RALEIGH, N.C. — A pair of audits released Thursday say North Carolina is failing to provide required legal reviews for government contracts valued at $1 million or more.
The state Department of Justice and Department of Administration are failing to follow a 2010 law that requires big contracts for everything from supplies and equipment to printing and building maintenance to be read by a lawyer before they are signed to ensure the terms are favorable to the state. The law was enacted after other audits found that contracts had been mismanaged.
The state government spends about $242 million a month on contracted services, State Auditor Beth Wood said.
"If we continue to let these contracts go without a review, continue to go without being monitored, then you're going to continue to have wasteful spending in our state government," Wood said.
Some contracts don't include penalties for non-performance, so if the vendor does not deliver, the state has no recourse, she said.
Administration Secretary Moses Carey disagrees with the auditor's contention that 26 months is enough time to put a system in place to ensure the reviews occur.
"The Department of Administration is deeply engaged in procurement transformation, a strategic and deliberate process that will comprehensively change the way the state buys goods and services. This is a complex and time-consuming endeavor," Carey said in a statement. "As the auditor is aware, there is no funding for contract support as we develop procurement rules and policies, standardize manuals and create relevant training. We are doing all this with in-house resources while also addressing the day-to-day business needs of the state."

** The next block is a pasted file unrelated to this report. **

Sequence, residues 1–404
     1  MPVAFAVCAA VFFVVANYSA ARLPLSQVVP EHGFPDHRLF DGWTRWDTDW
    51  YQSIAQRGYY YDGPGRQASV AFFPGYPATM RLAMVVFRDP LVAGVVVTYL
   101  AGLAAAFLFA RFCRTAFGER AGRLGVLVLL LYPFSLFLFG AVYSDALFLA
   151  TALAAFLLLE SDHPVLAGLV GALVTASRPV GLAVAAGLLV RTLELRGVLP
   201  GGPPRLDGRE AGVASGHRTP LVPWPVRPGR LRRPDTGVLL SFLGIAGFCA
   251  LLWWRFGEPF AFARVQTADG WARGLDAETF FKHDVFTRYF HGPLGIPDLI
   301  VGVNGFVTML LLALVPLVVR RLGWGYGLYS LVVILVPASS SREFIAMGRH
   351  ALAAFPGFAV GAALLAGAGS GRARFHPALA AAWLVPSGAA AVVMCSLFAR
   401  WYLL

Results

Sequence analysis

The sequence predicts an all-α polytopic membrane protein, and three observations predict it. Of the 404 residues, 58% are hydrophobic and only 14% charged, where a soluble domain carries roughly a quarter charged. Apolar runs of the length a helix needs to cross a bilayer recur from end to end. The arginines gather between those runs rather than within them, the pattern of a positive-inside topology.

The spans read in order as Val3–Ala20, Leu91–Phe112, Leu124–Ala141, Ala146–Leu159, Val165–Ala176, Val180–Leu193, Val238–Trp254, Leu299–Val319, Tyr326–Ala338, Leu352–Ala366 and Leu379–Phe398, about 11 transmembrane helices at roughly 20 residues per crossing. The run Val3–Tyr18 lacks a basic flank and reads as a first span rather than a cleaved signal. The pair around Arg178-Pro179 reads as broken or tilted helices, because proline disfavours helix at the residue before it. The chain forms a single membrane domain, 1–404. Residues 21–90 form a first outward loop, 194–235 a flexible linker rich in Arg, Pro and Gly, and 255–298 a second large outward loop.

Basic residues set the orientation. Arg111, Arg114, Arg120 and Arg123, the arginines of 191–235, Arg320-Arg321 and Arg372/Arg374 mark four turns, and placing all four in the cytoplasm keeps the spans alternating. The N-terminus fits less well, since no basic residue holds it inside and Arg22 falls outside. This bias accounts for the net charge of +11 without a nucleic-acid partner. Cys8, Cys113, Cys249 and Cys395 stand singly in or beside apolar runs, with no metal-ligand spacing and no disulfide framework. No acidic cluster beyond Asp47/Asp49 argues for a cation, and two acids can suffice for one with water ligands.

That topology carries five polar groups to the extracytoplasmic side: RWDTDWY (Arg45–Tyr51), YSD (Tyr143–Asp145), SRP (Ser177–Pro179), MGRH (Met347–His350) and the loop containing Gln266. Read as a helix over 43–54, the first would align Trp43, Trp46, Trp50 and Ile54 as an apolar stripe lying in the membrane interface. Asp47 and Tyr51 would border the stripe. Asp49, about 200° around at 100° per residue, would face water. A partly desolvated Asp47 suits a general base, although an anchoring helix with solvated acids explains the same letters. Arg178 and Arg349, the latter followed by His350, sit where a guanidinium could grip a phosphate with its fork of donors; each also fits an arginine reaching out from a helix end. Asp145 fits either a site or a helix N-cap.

Chief Deputy Attorney General Grayson Kelly said his agency is available to perform contract reviews when asked, but is not required to determine whether all contracts above the limit undergo review.
Noelle Talley, spokeswoman for the Department of Justice, said state auditors interpreted the state law incorrectly and noted that they failed to find any evidence that any contract received by DOJ failed to receive an appropriate legal review.
Wood said the department has no system for tracking major state contracts to ensure that they are reviewed, and she urged the department to work with the Department of Administration to develop such a system.